This is why we don’t need a woman to play James Bond

Last week Daniel Craig commented on the topic, telling Radio Times ‘women deserve their own parts that are just as good. There should simply be better parts for women and actors of colour, why should a woman play James Bond when there should be a part just as good as James Bond, but for a woman?’.

The James Bond films have always been subject to debate, and in the last decade the main talking point has been ‘should a woman be cast in the role of Bond?’. The global premiere for ‘No Time To Die’ took place last night, at London’s Royal Albert Hall, and sparked up the conversation once more.

And I agree. Why should women be fighting for these scraps? A franchise centered around toxic masculinity and machoism, where women have been treated as pretty props in storylines, isn’t a role women deserve. We don’t just deserve parts ‘as good as James Bond’, we deserve better.

Back in 2018, a YouTube video went viral, it cut together some of Bond’s most misogynistic moments from Sean Connery’s Bond beating a confession out of Daniela Bianchi’s Tatiana Romanova, to Daniel Craig’s Bond taking advantage of vulnerable women in Skyfall.

These snippets are just a few of the dozens of moments from the films which are seeped in overt sexism, and the books by Ian Fleming are no better.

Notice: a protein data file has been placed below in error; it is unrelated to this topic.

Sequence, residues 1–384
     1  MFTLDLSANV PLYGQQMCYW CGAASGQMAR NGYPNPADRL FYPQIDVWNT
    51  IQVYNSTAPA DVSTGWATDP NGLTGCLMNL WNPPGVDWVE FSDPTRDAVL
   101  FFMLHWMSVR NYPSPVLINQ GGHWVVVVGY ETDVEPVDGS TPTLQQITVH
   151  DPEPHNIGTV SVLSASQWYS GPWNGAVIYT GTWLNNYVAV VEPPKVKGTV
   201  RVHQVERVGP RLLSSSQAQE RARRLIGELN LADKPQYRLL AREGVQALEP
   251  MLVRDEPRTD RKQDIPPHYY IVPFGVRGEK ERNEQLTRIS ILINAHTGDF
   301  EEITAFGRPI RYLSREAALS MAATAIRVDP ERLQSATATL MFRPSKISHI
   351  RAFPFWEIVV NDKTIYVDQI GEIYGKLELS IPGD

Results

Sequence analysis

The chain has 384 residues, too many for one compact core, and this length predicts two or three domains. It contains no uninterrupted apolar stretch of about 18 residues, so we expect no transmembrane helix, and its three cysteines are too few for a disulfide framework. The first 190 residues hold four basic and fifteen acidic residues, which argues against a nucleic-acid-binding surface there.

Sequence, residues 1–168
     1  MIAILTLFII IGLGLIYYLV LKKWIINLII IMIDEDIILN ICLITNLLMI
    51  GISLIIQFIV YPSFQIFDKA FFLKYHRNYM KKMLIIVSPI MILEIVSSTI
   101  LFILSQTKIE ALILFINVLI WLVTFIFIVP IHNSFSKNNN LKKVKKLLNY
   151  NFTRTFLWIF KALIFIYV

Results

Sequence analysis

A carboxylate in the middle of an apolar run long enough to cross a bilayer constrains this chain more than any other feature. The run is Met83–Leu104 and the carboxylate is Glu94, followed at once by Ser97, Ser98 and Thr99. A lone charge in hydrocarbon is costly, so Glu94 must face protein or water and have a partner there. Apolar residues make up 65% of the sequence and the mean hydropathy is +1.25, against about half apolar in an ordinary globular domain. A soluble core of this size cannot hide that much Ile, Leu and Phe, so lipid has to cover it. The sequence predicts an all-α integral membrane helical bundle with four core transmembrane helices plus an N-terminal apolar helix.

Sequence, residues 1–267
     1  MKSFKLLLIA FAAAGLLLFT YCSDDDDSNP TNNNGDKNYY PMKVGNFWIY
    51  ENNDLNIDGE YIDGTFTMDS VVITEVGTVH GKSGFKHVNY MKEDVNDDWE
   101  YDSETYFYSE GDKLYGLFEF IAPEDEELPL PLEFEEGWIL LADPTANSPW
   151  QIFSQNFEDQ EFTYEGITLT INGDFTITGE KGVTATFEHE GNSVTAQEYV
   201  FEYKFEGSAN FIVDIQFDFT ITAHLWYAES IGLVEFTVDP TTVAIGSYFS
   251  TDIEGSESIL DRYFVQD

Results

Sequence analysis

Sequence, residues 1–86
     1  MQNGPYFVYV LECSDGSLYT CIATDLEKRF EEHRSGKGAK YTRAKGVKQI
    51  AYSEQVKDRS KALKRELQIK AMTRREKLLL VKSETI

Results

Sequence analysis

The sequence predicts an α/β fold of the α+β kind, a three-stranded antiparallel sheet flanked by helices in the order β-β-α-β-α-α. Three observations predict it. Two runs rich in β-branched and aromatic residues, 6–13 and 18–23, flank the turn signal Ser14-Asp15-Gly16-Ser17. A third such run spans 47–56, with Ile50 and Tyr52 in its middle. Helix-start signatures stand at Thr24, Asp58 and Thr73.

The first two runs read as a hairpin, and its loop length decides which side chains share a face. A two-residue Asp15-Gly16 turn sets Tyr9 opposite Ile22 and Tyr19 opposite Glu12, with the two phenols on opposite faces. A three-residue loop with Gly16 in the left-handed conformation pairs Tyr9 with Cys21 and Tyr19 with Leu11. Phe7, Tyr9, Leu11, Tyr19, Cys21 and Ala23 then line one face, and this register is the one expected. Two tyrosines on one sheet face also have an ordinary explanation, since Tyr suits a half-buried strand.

The misogyny goes deeper still – I think the whole concept of Bond, and his appeal, is rooted in toxic masculinity. How would you characterise Bond? A lady’s man, emotionless, cold? It’s a (un)happy marriage of misogynistic traits, born from the idea that a ‘real man’ doesn’t do vulnerability, that women find machoism attractive, and that the colder, harder, and tougher you can be, the better.

In society, many of us are working to undo this stereotype, because men not being given the space or encouraged to express their feelings can have dire consequences – suicide is the single biggest cause of death for men under 45, an epidemic many experts link with society’s shunning of men who talk about their feelings.

These toxic traits being glamourised feeds into a culture of male violence, when Bond, seen as Britain’s archetypal man, is portrayed preying on vulnerable women, speaking to women as if they are sex objects there for his pleasure, and in some cases, being physically violent with women, it normalises and green-lights such behaviour.

In the year ending March 2020, the Office for National Statistics (ONS) estimated that 4.9 million women had been victims of sexual assault in their lives. This included 1.4 million who had been raped, or had faced attempted rape – 98.5% of the rapists were identified as men. We need male heroes playing roles that are strong in a modern way, where being sensitive, kind and gentle are seen as superpowers.

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